Sparking science confidence in children in a post-COVID world

Group of school kids listening to female teacher showing plasma ball during physics lesson

Everyone has been impacted by the coronavirus pandemic but, after the better part of a year of home schooling, our young people have been particularly affected.

It is with this in mind that the Science and Technology Facilities Council (STFC) has teamed up with the Reading Agency charity.

They aim to ensure those young people most affected by the pandemic get the resources they need to foster their engagement with science, technology, engineering and mathematics (STEM).

Developing confidence in STEM

The pilot project, delivered by the Reading Agency and supported by funding and educational resources from STFC, will run from 2021 to 2023 and will aim to encourage engagement in STEM subjects.

It is hoped that the project will help to develop confidence in the STEM subjects among families living in some of the most deprived communities in the country. This is a demographic with traditionally low engagement in these subjects.

The project will be supported by 11 service partners in England who will distribute reading materials and activity packs to the families.

The service partners will work together with:

  • local youth organisations
  • schools
  • social care partners.

They will develop activities designed to boost confidence in the sciences for young people aged 14 to 18.

New opportunities to learn

As well as being engaged themselves, the 100+ students will be given their own roles as ‘creative producers’.

With the help of library staff and youth workers, they will be tasked with developing new reading and science activities for families with younger children aged four to 11.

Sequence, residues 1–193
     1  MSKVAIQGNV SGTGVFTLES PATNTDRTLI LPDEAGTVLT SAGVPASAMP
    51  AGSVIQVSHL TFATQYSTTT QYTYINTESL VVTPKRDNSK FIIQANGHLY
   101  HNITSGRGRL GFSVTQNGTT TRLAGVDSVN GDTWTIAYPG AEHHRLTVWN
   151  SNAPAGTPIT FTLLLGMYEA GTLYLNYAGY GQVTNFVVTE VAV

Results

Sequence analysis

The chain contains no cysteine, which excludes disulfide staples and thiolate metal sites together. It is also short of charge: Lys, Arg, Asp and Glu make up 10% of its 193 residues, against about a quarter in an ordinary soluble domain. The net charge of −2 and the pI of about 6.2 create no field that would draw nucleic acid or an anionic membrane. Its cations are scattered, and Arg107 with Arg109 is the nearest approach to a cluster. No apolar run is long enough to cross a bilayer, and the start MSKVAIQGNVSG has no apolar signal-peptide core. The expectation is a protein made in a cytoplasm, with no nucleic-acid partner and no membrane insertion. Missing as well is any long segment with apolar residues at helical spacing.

COVID restrictions allowing, this development will take place in the library buildings or remotely via the magic of video conferencing.

To help develop and deliver the programme, the Reading Agency will also work closely with publishers and specialist science organisations.

Science education experts at the University of Northumbria have assisted with development of the STEM reading materials and activities as well as contributing to the programme as a whole.

Inspiring young people

The project’s official partner, the British Science Association, will recognise the children’s achievements through its Crest Awards. The scheme is for STEM project work that inspires young people to think and behave like scientists and engineers.

Other organisations contributing content include:

  • Dorling Kindersley
  • Otter Barry
  • Raintree
  • STFC.

The project has been supported with:

  • £289,000 from Arts Council England’s National Lottery Project Grants programme
  • £232,000 from STFC.

Boosting life chances

Reading Agency CEO, Karen Napier, said:

There has never been a more important time to use reading and the library network to reach out to families and young people, and provide them with new opportunities to learn, have fun and build confidence that can boost their life chances.

Sue Williamson, director for libraries at Arts Council England, adds that the project will:

Ensure that children and young people across the country will have the opportunity to develop that curiosity and playfulness which will support learning, help to give young people the skills and the confidence to experiment in this field and encourage a creative approach to science and technology.

Jenni Chambers, head of public engagement and skills, at STFC added:

At STFC we know that science and technology is exciting, accessible, and leads to many types of rewarding work. By exploring the role that reading can play in engaging young people, children and families in STEM, Reading Sparks aims to make a contribution to reducing the numbers of children who feel that science and technology is not for them.

Top image:  Credit: izusek/GettyImages

NOTE Council web content is being transitioned to this website – let us know if you have feedback or would like to help us test new developments.